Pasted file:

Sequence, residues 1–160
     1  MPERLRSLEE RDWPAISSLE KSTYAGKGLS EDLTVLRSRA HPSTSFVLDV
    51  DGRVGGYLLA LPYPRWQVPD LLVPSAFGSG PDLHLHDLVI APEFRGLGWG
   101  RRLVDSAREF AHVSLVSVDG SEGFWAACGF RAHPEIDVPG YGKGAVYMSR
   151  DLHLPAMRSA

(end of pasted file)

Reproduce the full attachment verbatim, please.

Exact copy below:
Sequence, residues 1–160
     1  MPERLRSLEE RDWPAISSLE KSTYAGKGLS EDLTVLRSRA HPSTSFVLDV
    51  DGRVGGYLLA LPYPRWQVPD LLVPSAFGSG PDLHLHDLVI APEFRGLGWG
   101  RRLVDSAREF AHVSLVSVDG SEGFWAACGF RAHPEIDVPG YGKGAVYMSR
   151  DLHLPAMRSA